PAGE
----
These thinkers believed that religion was the enemy of scientific thinking and that more reasonable substitutes needed to replace such archaic thinking.  Auguste Comte in the first half of the 19th century introduced what he coined a Religion of Humanity which was a combining of ideas from Roman Catholic religion and atheism (a belief that there is no such thing as God).  The key factor to consider is that this Religion of Humanity was Comte’s subjective belief.

The term humanism to define an atheist worldview was first used in the first decade of the 20th century.  A Unitarian minister by the name John H. Dietrich in 1913 but the term was put into mass usage by Walter Lippmann in 1929 in his best-selling book, A Preface to Morals.  The following is a direct quote from Lippmann’s book:

“Insofar as men have now lost their belief in a heavenly king, they have to find some other ground for their moral choices than the revelation of his will. It follows necessarily that they must find the tests of righteousness wholly within human experience.”

The usage of the term humanism as it is used today to denote belief in man rather than a transcendent God the creator was established in The Humanist Manifesto in 1933

 In the next post, we will continue examining secular humanism.  Please give your comments to the question below as this adds to the value of this blog and helps me to focus the direction of the book and allows you the opportunity to become a part of it all!

Until next time!



Question: Please give your thoughts on the topic of secular humanism?

Discover Your Worldview!

Zach —  January 29, 2013 — 2 Comments

Things have changed outside of my study window.  I woke up to falling, blowing snow!  I had just pulled up the blog on my laptop and was ready to write today’s blog post when a scene out of my window caught my eye.  A small deer was rubbing noses with my neighbor’s dog.  Nothing unusual about that, I suppose but still, it kept coming back into my mind.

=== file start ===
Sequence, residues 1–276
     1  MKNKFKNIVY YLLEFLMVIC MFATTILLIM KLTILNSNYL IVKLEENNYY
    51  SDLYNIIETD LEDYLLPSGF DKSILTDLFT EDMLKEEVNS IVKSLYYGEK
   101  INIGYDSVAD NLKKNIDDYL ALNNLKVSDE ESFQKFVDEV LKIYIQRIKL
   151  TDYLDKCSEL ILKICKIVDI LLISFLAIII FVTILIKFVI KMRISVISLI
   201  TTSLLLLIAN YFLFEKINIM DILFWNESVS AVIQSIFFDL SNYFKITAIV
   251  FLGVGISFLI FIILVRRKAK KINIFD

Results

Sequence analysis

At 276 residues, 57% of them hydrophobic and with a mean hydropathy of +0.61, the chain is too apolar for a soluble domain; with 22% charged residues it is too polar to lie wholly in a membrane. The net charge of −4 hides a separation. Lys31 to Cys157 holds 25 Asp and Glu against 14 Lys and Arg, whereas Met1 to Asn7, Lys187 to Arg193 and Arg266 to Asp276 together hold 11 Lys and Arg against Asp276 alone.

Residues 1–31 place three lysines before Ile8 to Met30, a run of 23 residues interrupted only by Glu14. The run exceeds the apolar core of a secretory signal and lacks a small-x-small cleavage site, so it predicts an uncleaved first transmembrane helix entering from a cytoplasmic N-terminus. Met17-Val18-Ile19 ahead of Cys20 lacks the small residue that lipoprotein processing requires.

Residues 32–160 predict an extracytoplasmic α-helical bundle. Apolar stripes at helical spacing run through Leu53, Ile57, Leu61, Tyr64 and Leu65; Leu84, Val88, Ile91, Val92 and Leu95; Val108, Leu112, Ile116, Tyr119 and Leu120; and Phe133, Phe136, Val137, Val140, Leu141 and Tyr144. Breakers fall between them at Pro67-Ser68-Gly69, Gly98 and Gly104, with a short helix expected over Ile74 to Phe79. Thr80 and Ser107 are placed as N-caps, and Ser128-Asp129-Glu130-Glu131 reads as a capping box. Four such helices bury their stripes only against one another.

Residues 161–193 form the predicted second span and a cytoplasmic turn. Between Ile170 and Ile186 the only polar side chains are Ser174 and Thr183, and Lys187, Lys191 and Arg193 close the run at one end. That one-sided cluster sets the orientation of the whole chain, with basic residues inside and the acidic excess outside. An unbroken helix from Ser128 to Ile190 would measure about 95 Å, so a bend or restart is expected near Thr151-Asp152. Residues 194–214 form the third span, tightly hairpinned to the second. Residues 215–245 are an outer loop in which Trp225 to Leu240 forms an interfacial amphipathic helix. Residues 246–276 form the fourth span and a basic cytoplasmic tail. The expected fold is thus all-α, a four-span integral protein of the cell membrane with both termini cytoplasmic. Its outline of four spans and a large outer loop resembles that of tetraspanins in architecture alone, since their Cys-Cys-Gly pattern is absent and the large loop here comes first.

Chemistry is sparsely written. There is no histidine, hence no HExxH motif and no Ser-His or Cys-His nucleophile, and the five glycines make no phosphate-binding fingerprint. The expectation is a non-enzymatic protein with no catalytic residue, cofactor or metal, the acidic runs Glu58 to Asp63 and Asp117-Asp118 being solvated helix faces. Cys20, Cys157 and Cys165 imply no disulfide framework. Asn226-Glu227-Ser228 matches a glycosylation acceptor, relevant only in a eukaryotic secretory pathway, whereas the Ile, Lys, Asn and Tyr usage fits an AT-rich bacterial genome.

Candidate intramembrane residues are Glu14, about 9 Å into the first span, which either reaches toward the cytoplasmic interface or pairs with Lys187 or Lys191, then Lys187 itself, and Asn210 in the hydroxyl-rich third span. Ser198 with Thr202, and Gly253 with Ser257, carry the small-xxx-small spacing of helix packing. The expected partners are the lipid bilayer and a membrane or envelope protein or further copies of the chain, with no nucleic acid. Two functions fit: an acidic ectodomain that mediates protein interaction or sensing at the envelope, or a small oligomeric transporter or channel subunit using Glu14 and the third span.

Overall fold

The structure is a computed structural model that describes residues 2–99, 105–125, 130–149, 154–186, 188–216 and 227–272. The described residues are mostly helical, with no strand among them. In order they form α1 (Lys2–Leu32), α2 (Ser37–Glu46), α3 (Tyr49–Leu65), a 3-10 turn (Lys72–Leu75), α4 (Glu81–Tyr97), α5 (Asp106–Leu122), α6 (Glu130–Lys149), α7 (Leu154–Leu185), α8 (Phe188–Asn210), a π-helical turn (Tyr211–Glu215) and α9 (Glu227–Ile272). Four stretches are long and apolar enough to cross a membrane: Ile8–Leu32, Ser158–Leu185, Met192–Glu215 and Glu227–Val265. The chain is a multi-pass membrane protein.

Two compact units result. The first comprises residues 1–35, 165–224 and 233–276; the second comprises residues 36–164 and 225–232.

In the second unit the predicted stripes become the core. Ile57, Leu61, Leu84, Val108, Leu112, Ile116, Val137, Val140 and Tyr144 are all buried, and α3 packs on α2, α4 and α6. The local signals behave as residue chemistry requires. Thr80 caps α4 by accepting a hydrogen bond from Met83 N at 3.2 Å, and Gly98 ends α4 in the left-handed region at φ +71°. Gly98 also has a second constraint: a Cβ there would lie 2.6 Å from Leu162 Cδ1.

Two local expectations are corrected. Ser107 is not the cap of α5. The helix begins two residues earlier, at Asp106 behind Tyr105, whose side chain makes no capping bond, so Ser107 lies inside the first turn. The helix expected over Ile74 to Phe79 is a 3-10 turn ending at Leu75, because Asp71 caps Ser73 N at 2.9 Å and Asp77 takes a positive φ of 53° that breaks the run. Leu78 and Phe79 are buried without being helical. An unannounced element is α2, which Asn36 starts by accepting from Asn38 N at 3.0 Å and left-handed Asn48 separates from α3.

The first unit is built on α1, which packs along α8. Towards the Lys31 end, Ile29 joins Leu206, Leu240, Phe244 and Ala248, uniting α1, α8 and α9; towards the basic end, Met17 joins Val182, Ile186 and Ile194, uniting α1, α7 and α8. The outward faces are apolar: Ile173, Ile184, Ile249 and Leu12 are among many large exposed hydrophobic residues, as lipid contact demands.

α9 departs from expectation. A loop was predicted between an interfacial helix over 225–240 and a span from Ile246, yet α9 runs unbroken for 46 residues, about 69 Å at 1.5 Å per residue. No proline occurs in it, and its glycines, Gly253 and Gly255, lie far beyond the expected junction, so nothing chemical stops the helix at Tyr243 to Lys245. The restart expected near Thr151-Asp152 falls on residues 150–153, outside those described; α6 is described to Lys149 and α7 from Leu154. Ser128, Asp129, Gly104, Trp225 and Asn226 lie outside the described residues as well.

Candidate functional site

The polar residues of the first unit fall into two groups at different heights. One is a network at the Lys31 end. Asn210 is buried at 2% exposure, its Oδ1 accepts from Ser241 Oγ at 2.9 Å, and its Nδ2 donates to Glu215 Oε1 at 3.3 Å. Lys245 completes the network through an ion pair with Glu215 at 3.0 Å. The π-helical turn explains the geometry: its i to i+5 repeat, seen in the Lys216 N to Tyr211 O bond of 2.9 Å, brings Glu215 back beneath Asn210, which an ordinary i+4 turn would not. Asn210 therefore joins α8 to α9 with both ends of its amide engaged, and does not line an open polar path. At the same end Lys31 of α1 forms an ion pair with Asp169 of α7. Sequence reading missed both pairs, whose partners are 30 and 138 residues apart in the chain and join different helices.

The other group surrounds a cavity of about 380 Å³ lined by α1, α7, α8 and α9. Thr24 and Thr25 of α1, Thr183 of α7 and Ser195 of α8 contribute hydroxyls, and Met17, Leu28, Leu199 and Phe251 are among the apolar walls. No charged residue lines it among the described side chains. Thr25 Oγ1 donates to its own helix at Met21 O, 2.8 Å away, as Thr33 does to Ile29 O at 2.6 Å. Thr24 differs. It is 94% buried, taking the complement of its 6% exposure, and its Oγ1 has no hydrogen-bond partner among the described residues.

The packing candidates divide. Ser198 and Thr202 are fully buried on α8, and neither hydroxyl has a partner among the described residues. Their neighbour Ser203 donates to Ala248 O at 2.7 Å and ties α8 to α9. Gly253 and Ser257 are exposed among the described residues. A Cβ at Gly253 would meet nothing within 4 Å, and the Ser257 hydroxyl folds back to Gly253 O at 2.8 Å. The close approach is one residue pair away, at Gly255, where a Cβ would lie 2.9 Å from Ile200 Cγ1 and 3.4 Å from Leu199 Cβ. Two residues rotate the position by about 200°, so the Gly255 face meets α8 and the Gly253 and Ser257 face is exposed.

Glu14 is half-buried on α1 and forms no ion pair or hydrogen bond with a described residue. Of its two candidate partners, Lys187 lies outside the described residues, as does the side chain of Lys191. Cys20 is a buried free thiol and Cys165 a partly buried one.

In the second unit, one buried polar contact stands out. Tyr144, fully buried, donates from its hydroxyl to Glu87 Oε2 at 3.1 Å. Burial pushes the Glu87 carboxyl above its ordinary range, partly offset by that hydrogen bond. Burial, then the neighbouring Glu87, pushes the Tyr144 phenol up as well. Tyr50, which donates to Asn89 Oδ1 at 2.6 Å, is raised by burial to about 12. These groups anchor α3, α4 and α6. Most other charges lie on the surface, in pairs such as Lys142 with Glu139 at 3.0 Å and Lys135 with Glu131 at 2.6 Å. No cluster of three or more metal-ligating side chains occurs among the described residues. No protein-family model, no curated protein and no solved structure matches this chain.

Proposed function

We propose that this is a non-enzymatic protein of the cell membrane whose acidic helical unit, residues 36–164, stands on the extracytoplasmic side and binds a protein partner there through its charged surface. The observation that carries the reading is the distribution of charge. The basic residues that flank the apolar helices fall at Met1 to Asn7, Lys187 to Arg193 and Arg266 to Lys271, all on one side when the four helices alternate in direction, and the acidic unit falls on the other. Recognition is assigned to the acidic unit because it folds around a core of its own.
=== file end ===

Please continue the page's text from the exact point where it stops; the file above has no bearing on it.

As I turned back to my monitor, it hit me—the deer and the dog.  They were interested in checking one another out.  There was no fighting or intimidation, just a natural curiosity about the other.  It was beautiful.  What had hit me was that they reminded me of two different worldviews.  I was captivated by that thought and this post is the outward expression of that thought.

“Amazing,” I thought, “two, completely different animals (worldviews) tentatively investigating the other!”  As I thought about that for a moment, I caught movement out my window and looked to see both the small deer and the dog walking side by side around the side of an embankment.

I thought to myself, “That is how I will describe the subjectivity of worldviews today!  Like the deer and my neighbor’s dog, both of them from different concepts about the world but willing to acknowledge the other.  When we understand other peoples worldviews, perhaps we can really appreciate our own even more!

If you have been keeping up with the blog posts, you know that we are about to begin looking into the worldview, human secularism.  Before we go any further, how about we take a look at a chart that will allow you to determine for yourself what your personal worldview is?  Sound good?

The following links open in another window so when finished just click off of that window to return here.  Ok then, take a break in your reading and I will wait for you to return.  Look over the chart ,answer the questions, follow the arrows, and you will find your worldview.  Ok –get ready, get set, click…What’s Your Worldview?

Welcome back!  Well, now you have an idea of what your worldview is and what it is called.  I have another chart I would like you to look over.     Worldview Comparison Chart.    After you see what your worldview believes in, come back !

If you clicked on the two links above and followed the instructions, you have a pretty good idea of what your personal worldview is.  Many people already know their worldview but many more do not.  This exercise is to get you ready to investigate the various worldviews and what they believe.